Heart Rate Monitor
Patent 12459494 Filed on July 2, 2009
Issued on January 21, 2010
Inventors: John Mix and Roar Viala
US Classification: 600/508
This invention is an electronic athletic training device which measures heart rate for the purpose of aiding swimmers while training. The main components of the device include a light sensor that measures changes in light due to blood flow in the skin, a micro-processor that calculates heart rate based on changes in the light detected by the infrared sensor, and a component to convert the output to audio signals representative of heart rate. To use this device, a user would position the infrared sensor near the temple using a clip that is attached to the strap of the user’s goggles. Additionally, the user would wear an earpiece which receives the audio signals. This device also has the ability to be powered by an internal lithium-ion rechargeable battery, be operated with a power button, and store the history of the user’s heart rate during workouts.
I think this invention could be useful for Olympic swimmers as well as ordinary people who are interested in heart-rate-training and enjoy swimming. For those interested in using this device for heart-rate training under moderate-intensity exercise this could be a very useful device. I think this is interesting because if I were to design a swimming workout based on my target heart-rate I would want to use this device. For swimmers, monitoring and maintaining target heart-rate for aerobic activity can be challenging using a typical wrist watch heart rate monitor, because it requires them to look at their wrist while swimming. I can understand how frequently glancing at a wrist heart rate monitor to get your heart-rate can be an annoyance for a swimmer. Therefore, this invention is novel because it removes that task altogether by providing the user with an audio rather than visual representation of heart rate.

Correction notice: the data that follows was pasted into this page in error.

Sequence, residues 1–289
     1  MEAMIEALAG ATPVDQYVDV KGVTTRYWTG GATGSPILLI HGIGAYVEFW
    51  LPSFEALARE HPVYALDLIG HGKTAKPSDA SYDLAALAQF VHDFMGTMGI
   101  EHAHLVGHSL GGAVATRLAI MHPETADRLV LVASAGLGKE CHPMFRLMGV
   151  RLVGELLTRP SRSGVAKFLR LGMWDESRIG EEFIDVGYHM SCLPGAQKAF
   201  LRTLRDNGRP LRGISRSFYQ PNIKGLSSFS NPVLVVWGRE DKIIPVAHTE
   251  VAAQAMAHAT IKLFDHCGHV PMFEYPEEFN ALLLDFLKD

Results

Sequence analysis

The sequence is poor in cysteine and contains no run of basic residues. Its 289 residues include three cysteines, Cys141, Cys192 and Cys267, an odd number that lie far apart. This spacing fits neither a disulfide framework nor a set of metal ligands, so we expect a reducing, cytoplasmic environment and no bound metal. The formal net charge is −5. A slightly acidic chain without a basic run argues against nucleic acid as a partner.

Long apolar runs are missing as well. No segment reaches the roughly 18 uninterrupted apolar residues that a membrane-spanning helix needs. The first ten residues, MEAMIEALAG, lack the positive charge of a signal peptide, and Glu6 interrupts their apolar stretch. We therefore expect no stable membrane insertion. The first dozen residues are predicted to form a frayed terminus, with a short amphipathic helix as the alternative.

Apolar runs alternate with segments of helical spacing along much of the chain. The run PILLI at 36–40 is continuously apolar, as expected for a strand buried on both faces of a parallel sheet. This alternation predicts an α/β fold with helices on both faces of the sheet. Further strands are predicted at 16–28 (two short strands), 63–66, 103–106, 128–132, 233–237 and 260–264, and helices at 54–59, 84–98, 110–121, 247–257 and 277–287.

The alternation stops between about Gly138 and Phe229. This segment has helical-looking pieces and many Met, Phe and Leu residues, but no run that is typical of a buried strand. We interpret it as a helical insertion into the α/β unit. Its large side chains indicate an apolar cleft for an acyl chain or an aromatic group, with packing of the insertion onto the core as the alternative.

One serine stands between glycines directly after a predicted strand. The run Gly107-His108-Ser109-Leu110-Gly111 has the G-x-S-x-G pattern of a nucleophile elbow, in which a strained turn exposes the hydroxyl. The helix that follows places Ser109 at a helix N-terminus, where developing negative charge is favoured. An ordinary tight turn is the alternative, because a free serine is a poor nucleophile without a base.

The technology of this device consists of infrared sensors that sit against the skin, and a microprocessor that is coupled to the sensors which calculates the number of beats/minute and generates output signals to an earpiece. The engineering behind this device is based on the principle of measuring the change in light through the user’s skin due to blood flow. Once that information is obtained, it is possible to calculate the heart rate by measuring the background noise with a separate infrared sensor and then subtracting it from the light measured via the infrared sensor at the skin’s surface. The micro-processor then generates a correction factor for calculating the heart rate based on background noise. Audio signals are generated through a transducer attached to the ear or temple wherein the transducer communicates the heart rate to the user’s ear where sounds are transferred. Aside from the actual device, the user also has the option of processing workout data from the heart monitor to generate a graphical representation of his/her heart rate on a computer.
Figure 1. device showing infrared sensor and earpiece components of heart rate monitor